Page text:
Since the outset, its main concern has been the national bibliography. The massive union catalogue Seniespiedumi latviešu valodā received the Spīdola Prize in 2000 and was awarded The Beautiful Book of the Year 99. In 2005, the Letonikas grāmatu autoru rādītājs was published, providing information about versatile branches of science and representatives of various nations, Latvia being the main focus of their publications; the NLL includes several collections of posters. Digitising collections at the NLL started in 1999. At present the Latvian National Digital Library Letonica, formed in 2006, holds digitized collections of newspapers, maps, sheet-music and audio recordings. In 2008 NLL launched two major digital projects. Periodika.lv is the NLL's collection of digitized historical periodicals in Latvian with the possibility to read full texts and search page by page. Latvia has Dance Festivals organized every four years; the historical materials from the first Song Festival in 1864 till the Latgale Song Festival in 1940 can be explored in another digital collection of the National Library of Latvia.
The first discussions about the need for a new National Library had started in 1928, the significance of the project of this century was further confirmed by the high-level international recognition. In 1999 all 170 UNESCO member states during its General Conference adopted a resolution, calling the member states and the international community to ensure all possible support for the implementation of the NLL project; the continuous growth of the Library had made it necessary to transfer parts of the stocks into other buildings. Thus, in 2013, NLL was distributed between five locations in Riga. Furthermore, some stocks were being stored since 1998 in a depot in Silakrogs outside the capital; these inconveniences convinced the Parliament to approve a new building on the left bank of the Daugava. On 15 May 2008, after discussions lasting for many years, the state agency Three New Brothers and the Union of National Construction Companies signed the contract on the construction of the new National Library of Latvia.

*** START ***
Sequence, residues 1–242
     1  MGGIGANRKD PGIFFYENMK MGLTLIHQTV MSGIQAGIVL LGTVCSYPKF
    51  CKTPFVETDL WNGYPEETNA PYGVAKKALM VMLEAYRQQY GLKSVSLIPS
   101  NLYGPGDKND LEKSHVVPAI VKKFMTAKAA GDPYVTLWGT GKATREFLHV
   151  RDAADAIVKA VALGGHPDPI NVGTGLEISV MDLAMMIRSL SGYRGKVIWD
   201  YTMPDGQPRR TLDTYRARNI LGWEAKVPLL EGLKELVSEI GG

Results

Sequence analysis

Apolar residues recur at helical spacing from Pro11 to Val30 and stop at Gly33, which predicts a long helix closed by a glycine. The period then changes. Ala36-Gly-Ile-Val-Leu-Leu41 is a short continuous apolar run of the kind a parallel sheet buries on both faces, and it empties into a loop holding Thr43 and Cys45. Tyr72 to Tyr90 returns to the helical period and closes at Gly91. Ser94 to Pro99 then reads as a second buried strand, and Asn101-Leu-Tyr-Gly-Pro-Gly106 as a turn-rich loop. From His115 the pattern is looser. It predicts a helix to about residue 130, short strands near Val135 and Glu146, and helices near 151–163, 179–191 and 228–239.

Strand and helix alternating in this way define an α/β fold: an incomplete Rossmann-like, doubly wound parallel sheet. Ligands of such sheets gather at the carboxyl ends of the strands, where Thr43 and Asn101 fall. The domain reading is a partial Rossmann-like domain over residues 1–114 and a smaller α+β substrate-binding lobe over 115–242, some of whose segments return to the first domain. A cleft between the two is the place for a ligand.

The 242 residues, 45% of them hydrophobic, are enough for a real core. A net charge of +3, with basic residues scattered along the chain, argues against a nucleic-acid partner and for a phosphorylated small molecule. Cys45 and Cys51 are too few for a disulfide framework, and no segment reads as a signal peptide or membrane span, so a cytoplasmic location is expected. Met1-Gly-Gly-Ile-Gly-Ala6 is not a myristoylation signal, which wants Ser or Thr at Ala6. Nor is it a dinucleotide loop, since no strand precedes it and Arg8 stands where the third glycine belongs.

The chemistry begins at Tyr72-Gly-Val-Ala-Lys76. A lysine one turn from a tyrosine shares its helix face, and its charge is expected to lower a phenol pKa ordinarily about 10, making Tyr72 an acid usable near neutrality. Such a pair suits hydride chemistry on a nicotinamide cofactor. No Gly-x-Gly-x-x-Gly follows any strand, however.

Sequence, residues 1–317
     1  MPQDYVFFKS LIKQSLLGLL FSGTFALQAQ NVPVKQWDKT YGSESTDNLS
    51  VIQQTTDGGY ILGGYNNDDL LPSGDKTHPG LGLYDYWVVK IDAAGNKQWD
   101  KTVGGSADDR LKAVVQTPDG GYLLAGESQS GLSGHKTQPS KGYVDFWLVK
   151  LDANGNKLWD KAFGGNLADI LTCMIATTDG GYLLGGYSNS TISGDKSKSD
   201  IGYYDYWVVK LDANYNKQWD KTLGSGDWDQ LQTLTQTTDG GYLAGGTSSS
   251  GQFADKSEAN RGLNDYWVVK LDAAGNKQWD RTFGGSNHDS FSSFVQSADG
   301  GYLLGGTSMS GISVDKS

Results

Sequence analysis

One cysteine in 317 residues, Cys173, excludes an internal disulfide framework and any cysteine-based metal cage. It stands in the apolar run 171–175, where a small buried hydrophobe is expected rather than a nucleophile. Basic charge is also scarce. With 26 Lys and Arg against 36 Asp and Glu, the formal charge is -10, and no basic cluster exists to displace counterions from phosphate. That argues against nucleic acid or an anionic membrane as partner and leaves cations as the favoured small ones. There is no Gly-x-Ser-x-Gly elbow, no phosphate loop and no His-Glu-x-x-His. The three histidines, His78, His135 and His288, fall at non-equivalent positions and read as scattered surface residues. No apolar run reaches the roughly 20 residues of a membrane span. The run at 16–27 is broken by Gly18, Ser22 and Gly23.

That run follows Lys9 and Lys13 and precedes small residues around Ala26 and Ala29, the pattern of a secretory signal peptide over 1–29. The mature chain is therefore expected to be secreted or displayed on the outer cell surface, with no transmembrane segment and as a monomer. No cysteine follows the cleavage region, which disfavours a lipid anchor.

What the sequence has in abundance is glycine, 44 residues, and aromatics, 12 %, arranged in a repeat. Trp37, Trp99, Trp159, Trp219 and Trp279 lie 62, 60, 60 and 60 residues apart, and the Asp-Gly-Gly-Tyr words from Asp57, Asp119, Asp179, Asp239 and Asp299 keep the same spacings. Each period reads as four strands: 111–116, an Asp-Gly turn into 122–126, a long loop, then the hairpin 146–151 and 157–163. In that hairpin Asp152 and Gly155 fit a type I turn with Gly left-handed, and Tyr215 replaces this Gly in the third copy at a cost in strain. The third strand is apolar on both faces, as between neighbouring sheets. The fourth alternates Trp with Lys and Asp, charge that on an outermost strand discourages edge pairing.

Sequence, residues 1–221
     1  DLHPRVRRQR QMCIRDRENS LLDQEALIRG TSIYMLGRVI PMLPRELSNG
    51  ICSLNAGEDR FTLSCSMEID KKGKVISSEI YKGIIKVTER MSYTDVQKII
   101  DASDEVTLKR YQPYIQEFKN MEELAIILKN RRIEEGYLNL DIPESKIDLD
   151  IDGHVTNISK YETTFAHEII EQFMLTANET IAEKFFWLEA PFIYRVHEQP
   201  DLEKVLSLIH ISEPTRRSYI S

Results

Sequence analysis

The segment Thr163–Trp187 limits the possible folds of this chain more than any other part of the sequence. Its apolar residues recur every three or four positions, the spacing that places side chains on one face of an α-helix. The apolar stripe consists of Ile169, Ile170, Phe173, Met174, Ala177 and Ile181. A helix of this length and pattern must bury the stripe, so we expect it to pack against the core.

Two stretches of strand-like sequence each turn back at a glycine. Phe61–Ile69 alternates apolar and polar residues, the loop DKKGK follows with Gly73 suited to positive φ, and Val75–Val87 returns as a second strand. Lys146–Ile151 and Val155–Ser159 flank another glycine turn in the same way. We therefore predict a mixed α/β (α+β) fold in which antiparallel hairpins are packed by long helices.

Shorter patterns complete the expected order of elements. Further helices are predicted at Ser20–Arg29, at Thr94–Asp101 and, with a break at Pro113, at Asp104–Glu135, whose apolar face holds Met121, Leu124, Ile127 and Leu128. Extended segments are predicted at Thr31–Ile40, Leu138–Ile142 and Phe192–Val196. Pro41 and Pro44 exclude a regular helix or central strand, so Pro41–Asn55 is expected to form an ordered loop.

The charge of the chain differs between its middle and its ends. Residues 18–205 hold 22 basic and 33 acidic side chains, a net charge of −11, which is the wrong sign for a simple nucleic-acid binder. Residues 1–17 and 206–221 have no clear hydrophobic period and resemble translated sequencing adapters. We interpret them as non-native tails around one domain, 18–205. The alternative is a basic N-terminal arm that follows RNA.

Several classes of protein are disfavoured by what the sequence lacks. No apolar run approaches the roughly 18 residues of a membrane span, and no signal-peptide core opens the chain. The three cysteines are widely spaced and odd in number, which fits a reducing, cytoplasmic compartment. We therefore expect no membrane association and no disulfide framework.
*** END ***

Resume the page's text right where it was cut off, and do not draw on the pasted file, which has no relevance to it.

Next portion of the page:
On 18 May 2014, the main facility of the Library at Krišjāņa Barona iela was close